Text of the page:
Scotland's return to the major tournament stage may be off to a slow start, but a visit to Wembley to face England offers Steve Clarke's men the chance to writes themselves into folklore for generations to come.
A 2-0 defeat by the Czech Republic at Hampden on Monday leaves Scotland realistically needing to avoid defeat against the Three Lions to maintain hopes of making it out of the group stage for the first time.
On paper there appears a gulf in class for Clarke's side to bridge against the side ranked fourth in the world, who harbour ambitions of conquering Europe for the first time.
But no game means more to Scotland than beating the old enemy.
The Scottish sides of 1967 and 1977 are still fondly remembered for victories at Wembley in the old British Home Championship.
Doing so at their first major tournament for 23 years would make the Scottish players legends back home.
"The English media would have you believe the gap is humongous," said Aston Villa midfielder John McGinn on Wednesday. "It's up to us on Friday to prove that wrong."
McGinn is one of a batch of proven Premier League players in Clarke's squad that have helped guide Scotland back from the wilderness in international football.
Andy Robertson has won the Champions League and Premier League at Liverpool, Scott McTominay has established himself as a regular at Manchester United and there are hopes Arsenal's Kieran Tierney could be fit to return from injury.
"We've got a population of five million, they've got a population of 55 million," added McGinn. "They've got worldwide superstars throughout their team so we're always going to be underdogs, but we've got a few wee superstars ourselves."
In total 14 of the 26-man Scotland squad ply their trade in England.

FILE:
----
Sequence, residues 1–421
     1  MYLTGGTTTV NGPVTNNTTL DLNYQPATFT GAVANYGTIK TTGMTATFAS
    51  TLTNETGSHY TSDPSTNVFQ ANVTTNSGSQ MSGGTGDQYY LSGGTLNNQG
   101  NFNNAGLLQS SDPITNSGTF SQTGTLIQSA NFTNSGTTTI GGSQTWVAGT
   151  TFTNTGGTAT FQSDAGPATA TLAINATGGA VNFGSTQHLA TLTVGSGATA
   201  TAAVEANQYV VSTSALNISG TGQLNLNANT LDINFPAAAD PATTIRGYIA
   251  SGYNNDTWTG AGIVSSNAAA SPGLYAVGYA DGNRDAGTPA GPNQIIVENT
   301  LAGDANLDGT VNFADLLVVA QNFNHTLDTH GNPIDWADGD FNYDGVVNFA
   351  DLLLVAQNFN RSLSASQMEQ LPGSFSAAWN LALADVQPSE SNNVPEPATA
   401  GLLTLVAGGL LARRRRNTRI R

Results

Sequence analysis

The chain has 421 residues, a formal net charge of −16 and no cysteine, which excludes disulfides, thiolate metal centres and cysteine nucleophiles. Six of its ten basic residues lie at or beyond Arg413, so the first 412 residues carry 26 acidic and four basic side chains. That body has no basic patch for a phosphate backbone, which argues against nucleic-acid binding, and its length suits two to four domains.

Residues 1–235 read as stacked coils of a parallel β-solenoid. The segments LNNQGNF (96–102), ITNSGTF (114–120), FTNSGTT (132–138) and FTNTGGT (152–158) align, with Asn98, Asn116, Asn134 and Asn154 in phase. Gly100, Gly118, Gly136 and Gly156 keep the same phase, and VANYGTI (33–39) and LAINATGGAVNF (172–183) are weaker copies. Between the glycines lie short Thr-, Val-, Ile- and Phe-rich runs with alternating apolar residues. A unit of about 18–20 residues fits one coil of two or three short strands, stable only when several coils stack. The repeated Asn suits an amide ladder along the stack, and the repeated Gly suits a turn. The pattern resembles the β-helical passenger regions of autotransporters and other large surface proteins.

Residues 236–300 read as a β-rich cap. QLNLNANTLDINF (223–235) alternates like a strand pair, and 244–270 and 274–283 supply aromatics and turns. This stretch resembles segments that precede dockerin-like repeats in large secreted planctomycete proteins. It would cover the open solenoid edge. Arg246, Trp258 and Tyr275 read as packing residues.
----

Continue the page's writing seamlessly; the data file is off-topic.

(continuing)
Rather than be starstruck by their more illustrious opponents, McGinn believes many of the Scottish team have already proven they can go toe-to-toe with the best England has to offer.
"We compete against the majority of these guys week in, week out and we seem to hold our own," added the 26-year-old.
"We know if we play to our capabilities we'll give England a lot of problems."
If Scotland are to pull off the upset of the tournament so far, Clarke has a number of big decisions to make.
Tierney's return would be a huge boost as his presence on the left side of a back three was badly missed with and without the ball against the Czechs.
Despite never starting a previous international, there is also a clamour for Chelsea's Billy Gilmour and Nathan Patterson of Rangers to be thrown in at the deep end after impressing in pre-tournament friendlies.
Southampton's Che Adams is almost certain to start up front after being surprisingly left on the bench for the opening game.
Clarke is another of the Scottish contingent to have made his name in England, firstly as a player and then a coach at Chelsea as part of Jose Mourinho's backroom staff.
Never one to get too high in victory, or low in defeat, the 57-year-old has dismissed the reaction to losing to the Czechs as unnecessary "doom and gloom".
"You have to look only forward, there is no point looking back and thinking 'If only this, if only that'. We move on," he said.
"We said before the tournament we need to get the points to get out the group, we've still got a chance to do that."
Getting out the group via victory at Wembley would be the sweetest way for Scotland.